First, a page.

We are delighted to announce that Alistair Day, top man at the Isle of Raasay Distillery and creator and blender of the Tweedale Whisky range, will be joining us to take you through a wonderful journey of trials, tribulations and tastes on 13th March this year. Buy your ticket Here

It’s been a big year for the Distillery, seeing their Gin launched and doing very well (available here at £34.90) and also the pre-sales launch of their first Single Malt bottling, due out in the later stages of the year. You can find out more information on this bottling here.

I caught up with Alastair at the end of 2019 and it really is an intriguing story going all the way back to Alastair’s grandfather, Richard Day, and his art of blending whisky in the late 1800’s. He (Richard) blended whisky in the Scottish town of Coldstream in the borders. The cellar book, still in Alastairs possession, has the accounts for 1881 and at the back of the book is written the whiskies he blended from 1899 to 1916. Having that information, Alastair thought it would be crazy not to try, and decided to recreate one of those whiskies and that led to creating the Tweeddale blend in 2009. The Raasay distillery was the natural next step.

Not quite old enough, we will be sampling cask-drawn drams of what will go on to become the first legal whisky from the beautiful Isle of Raasay. I have tried a couple, and they are top, top quality products. See my tasting notes below for more details, but first, let’s learn a little about this newcomer to the Scotch Whisky scene.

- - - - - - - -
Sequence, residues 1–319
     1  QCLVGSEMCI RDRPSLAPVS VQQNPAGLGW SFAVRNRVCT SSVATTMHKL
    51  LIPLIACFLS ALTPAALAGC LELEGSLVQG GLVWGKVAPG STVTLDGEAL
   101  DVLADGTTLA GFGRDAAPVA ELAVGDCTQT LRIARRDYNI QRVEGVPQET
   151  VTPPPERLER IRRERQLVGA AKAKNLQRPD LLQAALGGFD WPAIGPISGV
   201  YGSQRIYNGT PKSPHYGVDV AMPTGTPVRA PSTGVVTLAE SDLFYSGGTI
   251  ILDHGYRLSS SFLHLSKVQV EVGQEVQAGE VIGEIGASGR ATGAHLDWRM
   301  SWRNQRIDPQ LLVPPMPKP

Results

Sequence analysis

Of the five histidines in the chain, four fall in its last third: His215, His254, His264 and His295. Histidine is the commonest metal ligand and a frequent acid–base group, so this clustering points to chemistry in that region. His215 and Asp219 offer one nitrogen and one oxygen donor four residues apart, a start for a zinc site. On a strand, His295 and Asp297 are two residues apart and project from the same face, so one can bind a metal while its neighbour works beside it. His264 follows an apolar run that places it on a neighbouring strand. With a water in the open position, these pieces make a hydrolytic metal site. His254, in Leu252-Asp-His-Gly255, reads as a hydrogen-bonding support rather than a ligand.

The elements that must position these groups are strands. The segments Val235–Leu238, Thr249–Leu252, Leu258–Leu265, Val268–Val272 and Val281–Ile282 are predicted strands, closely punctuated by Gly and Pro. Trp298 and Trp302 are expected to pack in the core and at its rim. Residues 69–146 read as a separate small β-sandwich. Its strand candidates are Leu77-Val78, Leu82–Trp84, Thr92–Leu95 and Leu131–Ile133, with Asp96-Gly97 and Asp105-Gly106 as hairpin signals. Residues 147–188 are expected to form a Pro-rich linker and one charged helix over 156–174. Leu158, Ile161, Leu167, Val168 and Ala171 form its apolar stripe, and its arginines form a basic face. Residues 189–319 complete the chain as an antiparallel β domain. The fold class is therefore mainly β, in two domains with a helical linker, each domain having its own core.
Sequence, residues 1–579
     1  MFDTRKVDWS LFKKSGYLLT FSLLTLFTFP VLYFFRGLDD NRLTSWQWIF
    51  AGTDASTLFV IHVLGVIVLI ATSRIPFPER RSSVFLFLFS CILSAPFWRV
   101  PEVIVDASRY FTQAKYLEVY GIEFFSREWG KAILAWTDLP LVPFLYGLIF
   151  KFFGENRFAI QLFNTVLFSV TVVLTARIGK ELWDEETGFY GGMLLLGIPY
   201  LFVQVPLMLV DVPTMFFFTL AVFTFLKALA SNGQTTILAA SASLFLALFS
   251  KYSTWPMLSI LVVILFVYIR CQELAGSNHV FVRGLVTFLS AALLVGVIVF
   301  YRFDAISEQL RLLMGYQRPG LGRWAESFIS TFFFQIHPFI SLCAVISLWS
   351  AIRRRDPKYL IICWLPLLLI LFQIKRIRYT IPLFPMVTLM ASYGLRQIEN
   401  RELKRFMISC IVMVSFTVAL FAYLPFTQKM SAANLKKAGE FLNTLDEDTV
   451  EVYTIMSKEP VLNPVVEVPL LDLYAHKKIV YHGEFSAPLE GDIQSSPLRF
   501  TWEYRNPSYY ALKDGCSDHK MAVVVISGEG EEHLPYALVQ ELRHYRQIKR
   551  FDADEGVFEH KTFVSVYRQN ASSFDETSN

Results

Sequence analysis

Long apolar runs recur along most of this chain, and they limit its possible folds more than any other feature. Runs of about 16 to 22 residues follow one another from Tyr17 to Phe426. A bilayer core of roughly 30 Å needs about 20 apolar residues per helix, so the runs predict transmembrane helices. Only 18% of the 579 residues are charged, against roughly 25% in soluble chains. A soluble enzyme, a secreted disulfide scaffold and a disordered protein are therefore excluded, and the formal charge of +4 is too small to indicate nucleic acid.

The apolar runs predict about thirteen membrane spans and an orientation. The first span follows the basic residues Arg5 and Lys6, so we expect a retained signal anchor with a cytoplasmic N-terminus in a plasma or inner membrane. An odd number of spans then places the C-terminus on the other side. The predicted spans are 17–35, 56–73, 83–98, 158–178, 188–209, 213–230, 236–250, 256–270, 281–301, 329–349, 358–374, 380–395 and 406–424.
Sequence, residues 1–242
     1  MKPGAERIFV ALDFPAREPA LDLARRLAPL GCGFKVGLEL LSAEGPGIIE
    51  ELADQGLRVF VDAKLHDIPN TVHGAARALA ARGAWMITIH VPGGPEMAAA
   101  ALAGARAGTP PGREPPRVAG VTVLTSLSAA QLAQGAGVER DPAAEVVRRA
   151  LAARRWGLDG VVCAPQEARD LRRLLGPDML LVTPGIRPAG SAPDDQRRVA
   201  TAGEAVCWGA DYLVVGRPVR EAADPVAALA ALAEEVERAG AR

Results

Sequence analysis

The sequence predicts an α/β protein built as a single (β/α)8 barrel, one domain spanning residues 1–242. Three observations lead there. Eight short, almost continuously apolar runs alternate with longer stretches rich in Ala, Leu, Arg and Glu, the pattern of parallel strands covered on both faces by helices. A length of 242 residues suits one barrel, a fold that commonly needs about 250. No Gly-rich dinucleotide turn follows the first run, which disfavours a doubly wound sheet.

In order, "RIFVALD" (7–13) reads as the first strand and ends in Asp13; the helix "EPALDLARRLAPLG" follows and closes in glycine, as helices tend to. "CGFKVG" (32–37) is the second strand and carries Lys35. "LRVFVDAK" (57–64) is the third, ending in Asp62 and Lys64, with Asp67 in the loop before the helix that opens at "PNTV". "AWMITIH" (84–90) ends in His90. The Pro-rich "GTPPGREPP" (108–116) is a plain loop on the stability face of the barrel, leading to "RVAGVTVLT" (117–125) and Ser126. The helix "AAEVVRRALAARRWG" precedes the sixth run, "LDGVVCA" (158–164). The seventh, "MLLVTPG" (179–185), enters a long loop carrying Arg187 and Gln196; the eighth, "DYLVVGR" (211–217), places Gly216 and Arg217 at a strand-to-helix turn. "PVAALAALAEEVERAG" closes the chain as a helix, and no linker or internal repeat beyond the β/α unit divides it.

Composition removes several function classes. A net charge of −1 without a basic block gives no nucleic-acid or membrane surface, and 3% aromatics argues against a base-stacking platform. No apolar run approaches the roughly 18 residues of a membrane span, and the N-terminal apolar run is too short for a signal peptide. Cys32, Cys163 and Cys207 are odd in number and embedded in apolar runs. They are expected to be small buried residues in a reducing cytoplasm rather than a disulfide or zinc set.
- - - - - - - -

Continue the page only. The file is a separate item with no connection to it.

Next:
The Distillery boasts what is possibly the most beautiful view of any in Scotland

The Isle of Raasay lies in the Hebridean Islands, East of Skye. Home to a population of a little over 150, Raasay is the epitome of Scottish Highland scenery and folklore. Indeed, none other than Bonnie Prince Charlie fled to Raasay on route to Skye after the ill-fated Battle of Culloden. A successful escape for the Young Pretender was achieved, and R&B Distillers, owners of the distillery, are hoping for a successful young pretender to emerge from the same island.

Situated on the former site of the  Isle of Raasay Hotel, the mantra of the distillery is focussed intently on the Island itself. Working with local crofters to supply 100% Raasay barley and using the same water source for production, cooling and cutting the whisky, this is a true homage to the islands landscape. At Raasay Distillery the water flows across volcanic rock and down through sedimentary rock to a Celtic well on site, known as the ‘Well of the Pale Cow’.

Raasay is a proud and conservative island, and the owners were determined not to leave an unwanted imprint on the land. Surveys were carried out on the wildlife including Roe Deer (of which the Island takes its name), Long Eared bats (which still reside in the Distillery loft!) And Otters before any groundwork was undertaken.